According to Zodiak, several journalists travelling in a press bus with the UTM convoy were injured.
On Thursday, Mr Chilima accused the government of trying to delay the election by deliberately allowing the spread of coronavirus after several hundred people who had returned from South Africa escaped before they could be tested for the virus.
MPs are due to meet next Friday to decide on the exact date of the election - one of the proposed dates is 23 June.
On 3 February, the Constitutional Court ordered a fresh vote be held within 150 days after annulling last year’s re-election of President Mutharika - a ruling upheld by the Supreme Court.
“People will vote in this fresh election, whether [we have] Covid-19 or Covid-21,’’ Mr Chilima had said during a campaign rally in southern Malawi.
The southern African nation currently has 203 recorded cases of coronavirus.
Football fans in Malawi push for return of the league
in Malawi have demanded that the local league, halted as one of the measures
to contain the Covid-19 pandemic, should resume.
Led by supporters of the country's two most followed clubs, Nyasa Big Bullets
and Be Forward Wanderers, they petitioned the Football Association
of Malawi (FAM) saying they saw no reason why football could not return while political rallies, which attract huge numbers of people, were being held by
politicians ahead of the expected 23 June presidential election re-run.
Malawi football season was scheduled to start in March but was called off after
government banned all gatherings of more than 100 people.
The head of FAM, Walter Nyamilandu, said he was consulting relevant authorities before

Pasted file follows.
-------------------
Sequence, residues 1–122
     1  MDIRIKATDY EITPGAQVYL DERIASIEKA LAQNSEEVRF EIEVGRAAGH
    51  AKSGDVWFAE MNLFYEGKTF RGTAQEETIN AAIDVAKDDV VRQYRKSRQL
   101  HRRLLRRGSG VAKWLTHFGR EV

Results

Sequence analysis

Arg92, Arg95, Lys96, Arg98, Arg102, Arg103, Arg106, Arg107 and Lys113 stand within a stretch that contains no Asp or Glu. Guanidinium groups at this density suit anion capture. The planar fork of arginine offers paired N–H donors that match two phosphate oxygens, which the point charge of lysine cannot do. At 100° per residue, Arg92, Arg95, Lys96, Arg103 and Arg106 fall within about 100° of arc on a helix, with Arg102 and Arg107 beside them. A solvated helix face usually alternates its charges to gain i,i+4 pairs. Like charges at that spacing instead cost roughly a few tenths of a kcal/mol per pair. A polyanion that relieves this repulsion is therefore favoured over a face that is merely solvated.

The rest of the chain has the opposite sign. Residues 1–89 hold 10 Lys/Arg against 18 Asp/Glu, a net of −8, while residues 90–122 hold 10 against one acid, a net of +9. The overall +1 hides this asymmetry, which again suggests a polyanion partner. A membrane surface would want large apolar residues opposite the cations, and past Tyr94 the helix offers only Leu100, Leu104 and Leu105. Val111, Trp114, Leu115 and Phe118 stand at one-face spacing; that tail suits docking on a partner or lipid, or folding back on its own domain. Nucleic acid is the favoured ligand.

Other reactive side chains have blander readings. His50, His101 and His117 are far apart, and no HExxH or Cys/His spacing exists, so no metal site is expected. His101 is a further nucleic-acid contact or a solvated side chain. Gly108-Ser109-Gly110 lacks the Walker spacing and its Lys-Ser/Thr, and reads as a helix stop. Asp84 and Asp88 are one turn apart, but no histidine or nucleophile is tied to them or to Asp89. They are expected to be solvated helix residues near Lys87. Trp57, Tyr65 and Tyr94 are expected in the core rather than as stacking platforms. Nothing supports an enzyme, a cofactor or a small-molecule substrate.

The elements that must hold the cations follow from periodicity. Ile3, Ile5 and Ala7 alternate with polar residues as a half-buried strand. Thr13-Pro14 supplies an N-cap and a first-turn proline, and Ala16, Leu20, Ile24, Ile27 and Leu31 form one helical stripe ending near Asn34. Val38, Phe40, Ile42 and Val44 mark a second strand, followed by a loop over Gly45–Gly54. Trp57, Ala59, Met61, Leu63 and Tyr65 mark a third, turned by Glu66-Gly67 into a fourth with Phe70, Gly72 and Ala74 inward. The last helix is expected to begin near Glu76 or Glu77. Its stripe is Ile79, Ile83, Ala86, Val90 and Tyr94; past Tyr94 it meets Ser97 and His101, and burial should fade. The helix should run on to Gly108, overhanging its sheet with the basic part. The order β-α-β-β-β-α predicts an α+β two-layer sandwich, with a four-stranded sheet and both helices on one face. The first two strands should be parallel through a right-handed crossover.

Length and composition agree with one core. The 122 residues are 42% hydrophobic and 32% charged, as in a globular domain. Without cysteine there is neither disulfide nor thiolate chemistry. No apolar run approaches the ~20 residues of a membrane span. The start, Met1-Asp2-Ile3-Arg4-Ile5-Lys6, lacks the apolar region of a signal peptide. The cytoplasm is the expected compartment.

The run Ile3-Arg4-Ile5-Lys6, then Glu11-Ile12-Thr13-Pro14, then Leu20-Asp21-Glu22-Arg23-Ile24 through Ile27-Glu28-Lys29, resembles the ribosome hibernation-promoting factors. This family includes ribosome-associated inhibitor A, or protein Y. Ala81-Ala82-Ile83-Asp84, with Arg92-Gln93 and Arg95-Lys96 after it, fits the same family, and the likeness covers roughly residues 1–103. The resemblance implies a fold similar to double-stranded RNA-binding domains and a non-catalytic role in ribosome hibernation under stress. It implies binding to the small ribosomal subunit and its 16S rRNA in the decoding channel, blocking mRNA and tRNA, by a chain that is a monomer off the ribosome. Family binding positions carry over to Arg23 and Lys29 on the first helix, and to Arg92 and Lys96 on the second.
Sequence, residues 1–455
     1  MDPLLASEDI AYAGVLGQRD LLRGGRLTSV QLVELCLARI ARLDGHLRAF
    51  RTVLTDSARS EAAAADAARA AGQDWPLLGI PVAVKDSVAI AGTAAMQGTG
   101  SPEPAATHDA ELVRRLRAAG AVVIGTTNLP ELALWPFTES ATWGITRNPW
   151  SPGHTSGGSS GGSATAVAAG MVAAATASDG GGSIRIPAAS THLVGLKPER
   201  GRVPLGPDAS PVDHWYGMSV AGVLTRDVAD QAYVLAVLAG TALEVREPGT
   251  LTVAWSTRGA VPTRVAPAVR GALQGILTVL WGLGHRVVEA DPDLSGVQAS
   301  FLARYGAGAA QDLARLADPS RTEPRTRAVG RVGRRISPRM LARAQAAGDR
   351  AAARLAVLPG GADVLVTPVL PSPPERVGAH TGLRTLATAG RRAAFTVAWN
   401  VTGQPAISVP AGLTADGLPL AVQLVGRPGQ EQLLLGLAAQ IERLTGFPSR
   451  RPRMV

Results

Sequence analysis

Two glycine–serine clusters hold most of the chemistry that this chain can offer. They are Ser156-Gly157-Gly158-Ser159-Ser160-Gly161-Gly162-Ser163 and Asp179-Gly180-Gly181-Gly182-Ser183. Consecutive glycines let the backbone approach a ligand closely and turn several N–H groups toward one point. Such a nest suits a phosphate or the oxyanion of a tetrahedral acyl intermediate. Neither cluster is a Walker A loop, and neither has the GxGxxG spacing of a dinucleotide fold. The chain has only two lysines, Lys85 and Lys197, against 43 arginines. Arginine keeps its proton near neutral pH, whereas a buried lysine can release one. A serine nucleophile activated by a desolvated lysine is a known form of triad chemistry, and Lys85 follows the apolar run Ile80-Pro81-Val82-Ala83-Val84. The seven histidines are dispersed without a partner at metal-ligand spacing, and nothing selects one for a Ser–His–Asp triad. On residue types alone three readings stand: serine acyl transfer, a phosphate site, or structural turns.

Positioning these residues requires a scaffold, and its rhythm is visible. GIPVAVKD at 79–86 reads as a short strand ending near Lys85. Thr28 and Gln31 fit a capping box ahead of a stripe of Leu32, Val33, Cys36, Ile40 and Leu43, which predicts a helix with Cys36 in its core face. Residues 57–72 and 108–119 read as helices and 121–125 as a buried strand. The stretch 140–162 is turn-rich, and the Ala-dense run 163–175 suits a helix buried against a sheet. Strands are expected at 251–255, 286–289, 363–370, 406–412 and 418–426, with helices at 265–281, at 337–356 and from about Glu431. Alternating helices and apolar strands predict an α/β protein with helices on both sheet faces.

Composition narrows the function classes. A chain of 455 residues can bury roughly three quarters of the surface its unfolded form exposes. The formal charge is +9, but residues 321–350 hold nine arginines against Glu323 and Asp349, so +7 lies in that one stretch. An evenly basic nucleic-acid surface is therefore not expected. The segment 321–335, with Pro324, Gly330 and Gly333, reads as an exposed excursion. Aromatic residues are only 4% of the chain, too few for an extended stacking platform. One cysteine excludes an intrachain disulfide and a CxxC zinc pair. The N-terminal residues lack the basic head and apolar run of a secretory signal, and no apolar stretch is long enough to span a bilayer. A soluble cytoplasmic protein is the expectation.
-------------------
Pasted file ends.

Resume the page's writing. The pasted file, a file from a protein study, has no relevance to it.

deciding whether to allow the league to resume.
Malawi election: What next after resignation of election chief?
The resignation of Jane Ansah, the electoral commission boss, has divided Malawians just like their assessment of how she performed her role during last year's contested election.
The opposition and civil society groups blamed her for the irregularities that undermined the fairness of the poll that elected President Peter Mutharika for a second term. The election was however nullified by judges of the constitutional court and the Supreme Court because of irregularities.
Ms Ansah's departure should ordinarily pave the way for a new
leadership, acceptable to both sides ahead of the election expected to be held on 23 June. But in the short term it appears to have
brought more confusion than clarity.
The actual words Ms Ansah used in announcing her departure were:
“I have written to the appointing authority tendering my resignation.”
Sceptics believe the “appointing authority” - meaning President Mutharika - will choose not to accept the resignation and the saga will simply
But should President Mutharika agree there will still be more questions to answered:
Who takes over? When? and Will they have time to deliver a free, fair and credible election in
less than two months?
According to the law, the head of the electoral commission must be
a judge, nominated by the judiciary and formally appointed by the
The rest of the electoral commissioners are political party
representatives, nominated by parties represented in parliament and formally
appointed to the job by the president.
As things stand, it is President Mutharika who will
have a big say about what happens next.